When it comes to amassing personal savings, what age group is putting away the biggest part of their income for the future? The answer may surprise you: millennial workers now lead the pack when it comes to saving.
That’s according to a survey conducted in March by Bankrate.com, which found that 62% of Americans in the millennial generation (here defined as ages 18-29, or as researchers Neil Howe and William Strauss initially defined as those born between 1982 and 2004) save at least 5% of their income each year. That’s a big jump from a similar survey last year, when Bankrate.com found 42% of millennials hitting the 5% target.
For adults over the age of 30, only about half manage to save that much.
The explanation for younger workers’ more aggressive saving strategies may stem from the U.S. economy’s performance over the last decade.
Many millennials were coming of age and entering the workforce in the years just before and after the turmoil of the 2007-2009 recession, which was followed by a time of slow recovery. That experience may have underscored for them the importance of saving for the future (much like Americans in the first half of the 20th century carried the memories of the Great Depression through their own lives).
“Millennials have a greater inclination toward saving, for both emergencies and retirement, than we’ve seen from previous generations,” explains Bankrate Chief Financial Analyst Greg McBride, CFA. “Much of this is attributable to the financial crisis and Great Recession coming during the financially formative years for many millennials.”
Moreover, anecdotal evidence suggests millennials have embraced a more self-sufficient view of savings-they don’t necessarily trust that government programs like Social Security or defined-benefit pension programs will be there to support them as generously as it has seniors today and in the past.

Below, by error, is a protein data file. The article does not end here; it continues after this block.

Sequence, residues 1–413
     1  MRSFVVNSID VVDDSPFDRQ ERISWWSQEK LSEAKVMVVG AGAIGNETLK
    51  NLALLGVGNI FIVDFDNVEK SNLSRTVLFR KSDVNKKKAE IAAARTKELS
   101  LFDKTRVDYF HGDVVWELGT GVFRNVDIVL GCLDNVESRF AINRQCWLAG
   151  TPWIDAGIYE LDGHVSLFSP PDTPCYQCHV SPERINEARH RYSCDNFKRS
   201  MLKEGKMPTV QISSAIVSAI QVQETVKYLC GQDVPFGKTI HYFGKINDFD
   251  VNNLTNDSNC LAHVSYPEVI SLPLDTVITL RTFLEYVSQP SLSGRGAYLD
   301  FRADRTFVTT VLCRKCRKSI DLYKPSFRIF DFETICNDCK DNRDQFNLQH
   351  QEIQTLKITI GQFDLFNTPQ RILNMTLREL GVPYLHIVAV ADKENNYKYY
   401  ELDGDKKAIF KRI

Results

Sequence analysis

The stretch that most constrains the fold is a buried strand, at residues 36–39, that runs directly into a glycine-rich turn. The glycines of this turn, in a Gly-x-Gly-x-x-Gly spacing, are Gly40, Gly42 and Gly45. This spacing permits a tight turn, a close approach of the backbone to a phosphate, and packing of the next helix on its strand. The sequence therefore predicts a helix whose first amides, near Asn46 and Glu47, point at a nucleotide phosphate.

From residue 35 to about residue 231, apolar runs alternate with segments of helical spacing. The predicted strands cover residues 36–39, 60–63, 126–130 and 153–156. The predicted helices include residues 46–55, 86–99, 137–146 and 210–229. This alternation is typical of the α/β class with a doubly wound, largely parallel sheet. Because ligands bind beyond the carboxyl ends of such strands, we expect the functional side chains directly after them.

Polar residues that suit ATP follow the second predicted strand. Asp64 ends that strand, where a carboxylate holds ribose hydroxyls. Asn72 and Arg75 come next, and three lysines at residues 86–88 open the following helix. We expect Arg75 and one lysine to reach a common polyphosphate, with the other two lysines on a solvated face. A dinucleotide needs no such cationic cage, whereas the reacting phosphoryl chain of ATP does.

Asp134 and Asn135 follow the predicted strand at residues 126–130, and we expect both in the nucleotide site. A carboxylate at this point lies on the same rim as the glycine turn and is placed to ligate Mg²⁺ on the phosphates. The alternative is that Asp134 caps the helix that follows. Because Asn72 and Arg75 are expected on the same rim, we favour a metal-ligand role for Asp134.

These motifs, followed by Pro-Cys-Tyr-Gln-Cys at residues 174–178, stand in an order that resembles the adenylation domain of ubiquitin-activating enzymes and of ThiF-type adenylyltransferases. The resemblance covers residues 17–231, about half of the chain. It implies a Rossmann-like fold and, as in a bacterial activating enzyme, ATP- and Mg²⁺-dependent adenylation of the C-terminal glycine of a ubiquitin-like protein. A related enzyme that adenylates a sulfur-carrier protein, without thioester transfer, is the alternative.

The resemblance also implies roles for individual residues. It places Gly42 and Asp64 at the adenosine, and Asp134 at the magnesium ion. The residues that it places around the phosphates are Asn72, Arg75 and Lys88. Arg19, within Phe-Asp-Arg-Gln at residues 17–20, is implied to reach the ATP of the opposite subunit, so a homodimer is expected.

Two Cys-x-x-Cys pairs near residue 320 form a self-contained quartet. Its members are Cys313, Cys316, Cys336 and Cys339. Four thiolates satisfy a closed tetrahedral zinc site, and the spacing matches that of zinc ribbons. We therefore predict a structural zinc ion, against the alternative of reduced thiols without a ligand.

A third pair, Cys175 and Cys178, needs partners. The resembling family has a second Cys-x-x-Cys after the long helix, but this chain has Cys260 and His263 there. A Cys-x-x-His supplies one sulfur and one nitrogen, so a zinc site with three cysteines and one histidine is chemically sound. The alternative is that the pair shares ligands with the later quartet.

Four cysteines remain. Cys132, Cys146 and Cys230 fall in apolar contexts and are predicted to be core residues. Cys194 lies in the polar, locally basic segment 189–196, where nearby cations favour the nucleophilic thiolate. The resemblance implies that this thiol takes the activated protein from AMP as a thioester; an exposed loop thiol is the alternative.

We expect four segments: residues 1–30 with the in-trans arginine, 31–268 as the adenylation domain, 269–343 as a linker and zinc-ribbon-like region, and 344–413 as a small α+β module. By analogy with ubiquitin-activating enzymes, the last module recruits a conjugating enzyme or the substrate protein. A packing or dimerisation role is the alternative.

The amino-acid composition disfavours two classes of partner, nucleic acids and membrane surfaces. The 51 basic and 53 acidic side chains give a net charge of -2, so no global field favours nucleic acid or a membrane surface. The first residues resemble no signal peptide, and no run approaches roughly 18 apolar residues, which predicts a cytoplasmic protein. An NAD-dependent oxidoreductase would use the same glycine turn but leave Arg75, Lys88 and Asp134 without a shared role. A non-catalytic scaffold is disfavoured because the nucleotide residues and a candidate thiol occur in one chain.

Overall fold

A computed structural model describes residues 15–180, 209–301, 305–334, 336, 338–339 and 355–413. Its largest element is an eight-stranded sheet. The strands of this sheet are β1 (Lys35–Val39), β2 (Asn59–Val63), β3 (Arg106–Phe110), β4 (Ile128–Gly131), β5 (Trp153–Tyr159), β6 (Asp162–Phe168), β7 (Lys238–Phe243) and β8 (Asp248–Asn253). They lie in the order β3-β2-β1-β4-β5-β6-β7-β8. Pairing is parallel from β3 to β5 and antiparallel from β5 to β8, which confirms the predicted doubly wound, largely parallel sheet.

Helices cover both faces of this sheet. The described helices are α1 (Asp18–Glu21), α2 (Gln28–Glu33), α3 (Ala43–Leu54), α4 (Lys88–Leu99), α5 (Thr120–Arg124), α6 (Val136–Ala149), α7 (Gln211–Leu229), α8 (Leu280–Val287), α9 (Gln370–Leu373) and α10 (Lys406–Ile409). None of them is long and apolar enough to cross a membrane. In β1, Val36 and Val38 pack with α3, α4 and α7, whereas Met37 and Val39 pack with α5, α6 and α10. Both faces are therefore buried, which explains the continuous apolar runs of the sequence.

“We’re not counting on the government,” 32-year-old Baltimore entrepreneur Giovanni Marcantoni, who reports saving 20% of his income, tells the Baltimore Sun. “We’re not counting on companies. We’ve seen that if you don’t save money, you’re screwed.”
One caveat: even though millennials may outpace other age cohorts in their 5% savings rate, that rate may still be too low, some experts caution.
One good rule of thumb many financial professionals suggest is to save 10% of your income to ensure a comfortable retirement. The Bankrate survey found that only 28% of survey respondents (representing all age groups) said they are saving 10% of their income. So there’s definitely room for improvement for all age groups when it comes to saving.
Still, the millennials are on the right track. Developing good savings and investing habits early in one’s working life can pay big dividends later, since your investment will have more time to grow (and to ride out the inevitable ups and downs of the market cycle).
And while young workers faced a challenging jobs environment since the recession and slow recovery, many appear to have adapted and embraced the right behaviors to set themselves up for long-term success. As they advance in their careers and see their earnings grow, they’re more likely to carry those forward-looking savings habits with them.
Young workers face plenty of challenges. We’ve written before about how debt loads-particularly student loans-have had a negative impact on many young workers, making it difficult for them to start families, buy homes, and pursue their dreams of starting their own businesses. Moreover, not all today’s young people are getting the opportunities they need.
At the same time, the Bankrate survey result suggest a potentially more promising trend line, indicating that many young Americans are thinking long-term and preparing for their futures. At a time when too many Americans fall short of their savings goals, that’s a positive sign.